Starting 2020 well with Seneca top teaching from"On the Shortness of Life"

I decided to publish a few of my favourite Seneca’s quote from his book “On the Shortness of Life” to start this new year.

It is always important to remind ourselves of those things that are truly important in life. It also helps us to prioritise our daily life, our decisions every day and aim for what will add real value to us and others. So, here they are…

“Can anything be more idiotic than certain people who boast of their foresight? They keep themselves officiously preoccupied in order to improve their lives; they spend their lives in organizing their lives. They direct their purposes with an eye to a distant future. But putting things off is the biggest waste of life: it snatches away each day as it comes, and denies us the present by promising the future.”

“The greatest obstacle to living is expectancy, which hangs upon tomorrow and loses today. You are arranging what lies in Fortune’s control, and abandoning what lies in yours. What are you looking at? To what goal are you straining? The whole future lies in uncertainty: live immediately.”

“You act like mortals in all that you fear, and like immortals in all that you desire”

“But excess in any sphere is reprehensible.”

“As far as I am concerned, I know that I have lost not wealth but distractions. The body’s needs are few: it wants to be free from cold, to banish hunger and thirst with nourishment; if we long for anything more we are exerting ourselves to serve our vices, not our needs.”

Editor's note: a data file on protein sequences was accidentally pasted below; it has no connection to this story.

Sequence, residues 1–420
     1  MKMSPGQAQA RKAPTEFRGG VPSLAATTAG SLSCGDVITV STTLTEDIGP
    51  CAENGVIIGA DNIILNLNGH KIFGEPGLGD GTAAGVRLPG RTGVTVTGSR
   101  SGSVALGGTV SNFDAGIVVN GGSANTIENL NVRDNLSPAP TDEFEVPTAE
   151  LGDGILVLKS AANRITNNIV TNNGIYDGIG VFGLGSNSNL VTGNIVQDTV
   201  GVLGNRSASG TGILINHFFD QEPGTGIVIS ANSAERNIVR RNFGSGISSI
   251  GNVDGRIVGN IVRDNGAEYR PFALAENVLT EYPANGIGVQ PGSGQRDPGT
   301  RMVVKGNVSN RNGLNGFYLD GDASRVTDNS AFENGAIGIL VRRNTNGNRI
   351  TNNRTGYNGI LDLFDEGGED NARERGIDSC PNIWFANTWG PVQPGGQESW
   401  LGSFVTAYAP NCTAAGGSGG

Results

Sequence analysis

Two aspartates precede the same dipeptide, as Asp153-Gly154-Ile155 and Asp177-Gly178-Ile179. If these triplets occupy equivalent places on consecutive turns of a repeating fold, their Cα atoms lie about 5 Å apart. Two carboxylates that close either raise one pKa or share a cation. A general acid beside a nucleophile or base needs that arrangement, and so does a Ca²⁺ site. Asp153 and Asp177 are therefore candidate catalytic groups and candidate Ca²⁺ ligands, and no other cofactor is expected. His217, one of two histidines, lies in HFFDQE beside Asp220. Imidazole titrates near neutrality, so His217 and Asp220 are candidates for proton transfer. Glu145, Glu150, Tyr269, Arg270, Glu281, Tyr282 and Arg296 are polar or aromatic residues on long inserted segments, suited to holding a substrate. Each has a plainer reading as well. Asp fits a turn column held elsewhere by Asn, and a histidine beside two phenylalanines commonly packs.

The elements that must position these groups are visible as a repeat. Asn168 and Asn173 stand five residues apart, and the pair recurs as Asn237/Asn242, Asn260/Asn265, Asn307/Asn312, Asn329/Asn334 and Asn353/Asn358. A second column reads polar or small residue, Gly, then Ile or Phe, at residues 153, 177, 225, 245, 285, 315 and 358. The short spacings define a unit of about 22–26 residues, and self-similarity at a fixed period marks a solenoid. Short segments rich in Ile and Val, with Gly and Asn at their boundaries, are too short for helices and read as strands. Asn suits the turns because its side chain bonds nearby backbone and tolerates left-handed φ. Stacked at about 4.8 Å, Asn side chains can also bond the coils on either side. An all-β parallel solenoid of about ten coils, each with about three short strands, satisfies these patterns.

“Life is long, if you know how to use it.”

“All life is a servitude.” 

In summary, there are Five Things to Consider as we start the new year:

1 – What should my focus be every day this year?

2- What should I eliminate from my life?

3 – Stop procrastinating, show up and get on with it!

4 – Work hard and smart in the present, seize the moment, and the future will look after itself.

5 – Define what is ENOUGH and live by it, one can find meaning and happiness there.

Have you all a very peaceful, blessed and successful 2020!

What does Merry Christmas mean to you?

ho-ho-ho

I do not want to sound ‘Grinchy’ about Christmas but I must be honest; I do struggle with the whole polite ‘Merry Christmas’ greeting that goes around this time of the year.

If an alien landed on Earth on December 25th and was greeted by “Merry Christmas Visitor”; what would she/he think about it? Let’s say our dear visitor friend would ‘Google it!’ from her/his spaceship, the results would be thoroughly confusing. What on Earth is Christmas? Why having a ‘Merry One’ matters so much?

I often wonder what people really mean by ‘Have a Merry Christmas? What shall I reply to it? Should a be polite or dismissive? When asked whether I like to celebrate Christmas, I normally reply with a Jordan Peterson type of reply – ‘It depends on what you mean by Christmas’.

Of course, people do not want to hear that, and they are not prepared to engage in a debate there and then. There is no time to think about such trivialities. So, just say – Yes, sure, Merry Christmas to you too! – and move along. Why bother!?